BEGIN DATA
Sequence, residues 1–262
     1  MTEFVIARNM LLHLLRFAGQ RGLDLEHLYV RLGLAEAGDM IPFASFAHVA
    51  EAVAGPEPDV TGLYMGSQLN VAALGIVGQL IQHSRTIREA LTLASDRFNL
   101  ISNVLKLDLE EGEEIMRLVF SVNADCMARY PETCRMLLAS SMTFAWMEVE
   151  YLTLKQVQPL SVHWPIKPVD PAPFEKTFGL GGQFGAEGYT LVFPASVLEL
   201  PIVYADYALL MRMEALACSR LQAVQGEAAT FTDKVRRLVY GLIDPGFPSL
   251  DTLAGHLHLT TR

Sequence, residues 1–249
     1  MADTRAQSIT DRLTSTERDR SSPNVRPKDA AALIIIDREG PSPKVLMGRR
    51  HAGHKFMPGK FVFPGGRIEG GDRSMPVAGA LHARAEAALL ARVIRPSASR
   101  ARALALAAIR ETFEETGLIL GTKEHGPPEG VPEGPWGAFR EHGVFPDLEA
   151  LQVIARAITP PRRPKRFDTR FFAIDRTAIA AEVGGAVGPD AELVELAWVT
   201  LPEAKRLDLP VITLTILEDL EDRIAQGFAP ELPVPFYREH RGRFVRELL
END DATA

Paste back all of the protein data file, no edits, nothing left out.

Sequence, residues 1–262
     1  MTEFVIARNM LLHLLRFAGQ RGLDLEHLYV RLGLAEAGDM IPFASFAHVA
    51  EAVAGPEPDV TGLYMGSQLN VAALGIVGQL IQHSRTIREA LTLASDRFNL
   101  ISNVLKLDLE EGEEIMRLVF SVNADCMARY PETCRMLLAS SMTFAWMEVE
   151  YLTLKQVQPL SVHWPIKPVD PAPFEKTFGL GGQFGAEGYT LVFPASVLEL
   201  PIVYADYALL MRMEALACSR LQAVQGEAAT FTDKVRRLVY GLIDPGFPSL
   251  DTLAGHLHLT TR

Sequence, residues 1–249
     1  MADTRAQSIT DRLTSTERDR SSPNVRPKDA AALIIIDREG PSPKVLMGRR
    51  HAGHKFMPGK FVFPGGRIEG GDRSMPVAGA LHARAEAALL ARVIRPSASR
   101  ARALALAAIR ETFEETGLIL GTKEHGPPEG VPEGPWGAFR EHGVFPDLEA
   151  LQVIARAITP PRRPKRFDTR FFAIDRTAIA AEVGGAVGPD AELVELAWVT
   201  LPEAKRLDLP VITLTILEDL EDRIAQGFAP ELPVPFYREH RGRFVRELL